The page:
• A scaled-down version of a fully functional environment is always running in the AWS Cloud.
    • A warm standby solution extends the pilot light elements and preparation.
    • Servers can be running on a minimum sized fleet of Amazon EC2 instances on the smallest possible sizes. The solution is not scaled to take a full production load but it is fully functional
    • The setup can also be used for non-production work such as testing, QA, and internal use.
    • In a disaster, the system is scaled up quickly to handle the production load.
    • Key steps for warm standby preparation:
      • Set up Amazon EC2 instances to replicate or mirror data.
      • Create and maintain AMIs
      • Run application using a minimal footprint of Amazon EC2 instances or AWS infrastructures.
      • Patch and update software and configuration files in line with the primary environment.
    • Key steps for warm standby recovery:
      • Increase the size of the EC2 fleets in service with a load balancer (Horizontal Scaling).
      • Change to larger instance types to handle the production load as needed (Vertical Scaling).
      • Change DNS records manually or use Amazon Route53 automated health checks so that all traffic is routed to
      • AWS environment in any disaster scenario.
      • We can consider using Auto-scaling to right size the fleet or accommodate the increased load.
      • Add resilience or scale up databases.
  4. Multisite
    • This is the active-active setup. The RTO and RPO are nearly zero but it is the most expensive approach to Disaster recovery.
    • Primary as well as secondary environment both run full production setup in an active-active configuration.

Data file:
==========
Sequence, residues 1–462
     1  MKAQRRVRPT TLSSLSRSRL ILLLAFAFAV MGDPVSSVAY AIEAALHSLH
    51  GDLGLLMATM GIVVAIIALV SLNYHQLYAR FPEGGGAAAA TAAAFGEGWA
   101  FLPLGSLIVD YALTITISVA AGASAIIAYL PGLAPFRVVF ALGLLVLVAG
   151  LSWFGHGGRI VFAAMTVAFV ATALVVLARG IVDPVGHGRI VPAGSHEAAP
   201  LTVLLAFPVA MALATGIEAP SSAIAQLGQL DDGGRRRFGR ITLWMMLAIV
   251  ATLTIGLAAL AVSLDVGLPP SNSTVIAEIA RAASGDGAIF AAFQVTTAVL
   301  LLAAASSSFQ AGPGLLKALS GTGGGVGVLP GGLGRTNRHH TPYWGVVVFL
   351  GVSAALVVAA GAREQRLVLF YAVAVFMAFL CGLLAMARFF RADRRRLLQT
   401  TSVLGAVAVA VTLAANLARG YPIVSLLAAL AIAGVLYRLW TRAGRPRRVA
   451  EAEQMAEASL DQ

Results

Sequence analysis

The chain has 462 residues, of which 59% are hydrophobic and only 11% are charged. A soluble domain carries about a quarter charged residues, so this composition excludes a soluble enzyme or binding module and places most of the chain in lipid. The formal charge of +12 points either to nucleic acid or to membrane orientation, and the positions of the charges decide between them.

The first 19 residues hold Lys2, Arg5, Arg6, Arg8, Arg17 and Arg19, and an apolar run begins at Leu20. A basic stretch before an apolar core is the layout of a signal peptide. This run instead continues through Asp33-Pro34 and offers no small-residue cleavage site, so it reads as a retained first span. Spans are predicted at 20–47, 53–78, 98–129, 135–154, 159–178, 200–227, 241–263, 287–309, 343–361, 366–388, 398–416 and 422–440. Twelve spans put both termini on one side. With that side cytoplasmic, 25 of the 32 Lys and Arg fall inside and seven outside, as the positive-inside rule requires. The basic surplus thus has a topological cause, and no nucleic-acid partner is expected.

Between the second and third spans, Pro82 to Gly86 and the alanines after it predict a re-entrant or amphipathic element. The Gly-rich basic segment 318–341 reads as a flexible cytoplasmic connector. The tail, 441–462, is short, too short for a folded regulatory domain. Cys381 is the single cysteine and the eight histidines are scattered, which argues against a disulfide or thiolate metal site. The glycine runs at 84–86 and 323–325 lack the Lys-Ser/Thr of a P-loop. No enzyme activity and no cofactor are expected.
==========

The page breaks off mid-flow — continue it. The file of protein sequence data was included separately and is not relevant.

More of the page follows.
• We can use Route53 to route traffic to both sites either symmetrically or asymmetrically.
    • In an on-site disaster situation, we can adjust the DNS weighting and send all traffic to the secondary AWS environment.
    • We might need additional application logic to detect the failure of primary database services and cut over to the parallel database running in AWS.
    • Key steps for multi-site DR preparation:
      • Set up the AWS environment to duplicate the on-site production environment.
      • Set up DNS weighting, or similar traffic routing technology, to distribute incoming requests to both sites. Configure automated failover to re-route traffic away from the affected site.
    • Key steps for multi-site recovery:
      • Change the DNS weighting either manually or by using Amazon Route53 Failover routing policy so that all requests are sent to the secondary site in AWS.
      • Consider having application logic for failover to use the AWS database servers for all queries.
      • Consider using Auto-scaling to automatically right size the server fleet.

About CloudEndure

CloudEndure is an AWS Disaster Recovery service that makes quick and easy to shift disaster recovery strategy to the AWS cloud from existing physical or virtual data centers, private clouds or other public clouds. It supports automated cloud orchestration and machine conversion along with continuous data replication, automated failback, and no disk size limitations. Failback was one of the major concerns for the Nepalese client for their architecture which has been now solved by the introduction of CloudEndure by AWS.

Recently, we had a very good experience of the Disaster recovery migration with Sipradi Trading Pvt.Ltd. They migrated their On-premise server to the AWS through the help of CloudEndure service of AWS and during one month of POC they successfully migrated and tested their Disaster recovery. Response from their side was very good as the cost was reduced by almost 60% and also the AWS services like EC2, RDS, S3, etc. showed very good response time.